I hope that all of you are safe and careful. I have friends I care about in Texas that have been working on getting through their challenges, and so far they are doing better than they feared. They’ve been melting snow over firewood outside for clean water, and they have small tents in their homes on the beds to keep warm. They charge their phones in the car, but they don’t go out on the icy roads unless it’s someplace very near and done very carefully.

I know that COVID is still a concern, but so is this unusual weather pattern here in North America. Be careful and make jokes that don’t fall into the hurtful places, k? Sure we can have fun about stuff out of the ordinary, but no taunting those who don’t have what you have to manage this kind of weather, is all I’m asking.

Bless you all, and stay safe, please. Keep helping others to make it through, as I know you are doing.

The Sunshine Blogger Award


A big thank-you to Val at https://murisopsis.wordpress.com/ for nominating me for this blogging award.

Val blogs about her life and the different things she notices in her journey that catch her interest. These insights will often be preceded or end in poetry that is very often cleverly and intricately created. I admire how concise she can be when conveying something intricate.

The Sunshine Blogger Award is given to those who are creative, positive and inspiring while spreading sunshine to the blogging community. Now, how does it work and what are the rules?

Thank the blogger who nominated you in a blog post and link back to their blog. (check)

Answer the 11 questions sent by the person who nominated you. (check)

Nominate 11 new blog to receive the award and write them 11 new questions. (Pending)

List the rules and display the Sunshine Blogger Award logo in your post and/or on your blog. (check)


Here are the questions Val posed to me:

  1. What famous actor/actress would play you in a movie about your life? Patty Duke because she looked the most like I do and our spirits are similar from what I’ve learned about her. I know she’s no longer available for acting parts, but it will never happen anyway so I get to pick whomever I wish, right?
  2. If you could change your name, what name would you choose? I honestly love my names, though I didn’t like having such a distinctive one when I was younger than 15.
  3. What event in your life would you like to “do over”? The good ones were good because they were rare, and the bad ones taught me a lesson I needed to learn. I’d offer the ‘do over’ to someone I loved if I was given the opportunity.
  4. If you had a prehensile tail would you keep it or have it amputated? I’d honestly lose it.
  5. You have just stepped into a time machine, what year in history would you visit and why? The last year of Jesus’ life, so I could meet him.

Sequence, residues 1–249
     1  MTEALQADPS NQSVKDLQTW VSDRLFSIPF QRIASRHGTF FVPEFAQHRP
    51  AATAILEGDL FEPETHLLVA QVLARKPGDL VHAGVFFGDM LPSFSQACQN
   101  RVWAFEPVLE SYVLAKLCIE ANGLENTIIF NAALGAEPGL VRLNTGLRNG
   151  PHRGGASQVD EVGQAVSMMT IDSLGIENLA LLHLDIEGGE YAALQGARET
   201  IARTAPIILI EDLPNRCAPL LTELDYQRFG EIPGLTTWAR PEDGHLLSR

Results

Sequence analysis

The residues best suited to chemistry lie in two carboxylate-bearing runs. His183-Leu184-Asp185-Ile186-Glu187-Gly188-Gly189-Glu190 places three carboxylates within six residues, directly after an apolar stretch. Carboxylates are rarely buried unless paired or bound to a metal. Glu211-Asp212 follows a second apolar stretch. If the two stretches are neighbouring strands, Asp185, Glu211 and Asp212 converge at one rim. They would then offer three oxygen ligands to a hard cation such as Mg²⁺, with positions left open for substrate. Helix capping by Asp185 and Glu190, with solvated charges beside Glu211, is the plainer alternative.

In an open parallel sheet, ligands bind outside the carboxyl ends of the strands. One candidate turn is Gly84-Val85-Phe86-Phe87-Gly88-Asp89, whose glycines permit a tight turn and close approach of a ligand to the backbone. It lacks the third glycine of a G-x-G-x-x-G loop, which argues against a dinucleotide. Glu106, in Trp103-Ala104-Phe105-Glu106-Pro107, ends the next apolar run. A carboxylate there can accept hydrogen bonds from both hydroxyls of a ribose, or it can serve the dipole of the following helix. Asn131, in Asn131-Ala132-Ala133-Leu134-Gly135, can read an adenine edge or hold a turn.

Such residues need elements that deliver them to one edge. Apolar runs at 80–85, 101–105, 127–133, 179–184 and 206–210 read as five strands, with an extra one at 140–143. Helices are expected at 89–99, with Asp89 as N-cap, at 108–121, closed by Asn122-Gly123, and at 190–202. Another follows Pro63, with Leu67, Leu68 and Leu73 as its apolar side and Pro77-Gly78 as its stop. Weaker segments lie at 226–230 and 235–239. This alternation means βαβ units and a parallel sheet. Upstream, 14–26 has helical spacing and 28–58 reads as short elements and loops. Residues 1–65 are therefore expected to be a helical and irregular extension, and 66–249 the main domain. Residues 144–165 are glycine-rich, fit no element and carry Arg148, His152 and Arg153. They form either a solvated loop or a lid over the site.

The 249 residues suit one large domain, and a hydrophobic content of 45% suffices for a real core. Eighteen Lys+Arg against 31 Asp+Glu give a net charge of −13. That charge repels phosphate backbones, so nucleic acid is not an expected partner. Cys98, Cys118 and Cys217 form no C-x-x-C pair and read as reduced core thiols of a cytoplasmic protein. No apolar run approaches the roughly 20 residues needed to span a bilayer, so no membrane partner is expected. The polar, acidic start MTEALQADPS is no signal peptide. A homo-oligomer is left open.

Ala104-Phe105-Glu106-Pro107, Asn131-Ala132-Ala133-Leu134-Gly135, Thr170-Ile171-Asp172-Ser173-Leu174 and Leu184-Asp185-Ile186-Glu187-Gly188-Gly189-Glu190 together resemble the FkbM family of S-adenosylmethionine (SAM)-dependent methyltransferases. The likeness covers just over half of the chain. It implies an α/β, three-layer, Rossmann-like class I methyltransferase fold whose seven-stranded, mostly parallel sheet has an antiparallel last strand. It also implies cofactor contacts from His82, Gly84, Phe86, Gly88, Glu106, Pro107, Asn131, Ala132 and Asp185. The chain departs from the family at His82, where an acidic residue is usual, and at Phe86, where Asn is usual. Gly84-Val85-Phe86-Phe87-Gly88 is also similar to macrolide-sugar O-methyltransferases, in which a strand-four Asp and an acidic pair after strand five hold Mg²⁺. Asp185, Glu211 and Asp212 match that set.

6. What is your favorite comfort food? Too many to list. That’s how I got this big (blush).
  7. You can change your eye color (any color(s) at all), what would you choose? I honestly like my eye color (a tawny hazel green). I’ll keep it.
  8. You have been granted 3 wishes, what do you wish for? (more wishes is not permitted)

Wish 1: That I could have become rich in a way that was honorable, so I could be more generous to charities for foster kids.

Wish 2: That my beloveds would be financially secure and do things they love to do.

Wish 3: a cure for COVID-19 is found and life is restored to normal in time for school to resume again.

  1. Your pet can talk, what do you think they’d say about you?

Hmmm. I have no pets. But if I did, it would probably say, “She loves me.”

  1. How old were you when you got your “first kiss”?

Hmmm…  15 I think.

  1. (last but not least) Which would you rather be able to do – tap dance, juggle, or ice skate like an Olympic athlete? I’m a bit old for dancing or skating, so Juggling will have to do.

As for nominations, I don’t want to pressure anyone, and I don’t have many folks who follow me. Let me know if you’d like a nomination (and an award) and I’ll be happy to work on a list of questions for YOU!

#3 Thankful for – Kindness

I want to thank God for KINDNESS.

Kindness is the quality of being friendly, generous, and considerate.  Somehow that trait was diminished in my family of origin, and even overruled in some ways.  It was diminished so well, that when I saw it being acted out in television shows I perceived it as phony and unreal.  When I saw it practiced around me by others, I either thought of it as “someone trying to manipulate someone else” (because that’s how it was used in my young life), or something only weak people do.

Thankfully, God helped me find out that kindness wasn’t a myth, and that it was as real as the pain of stubbing a toe (that REALLY smarts and is utterly undeniable).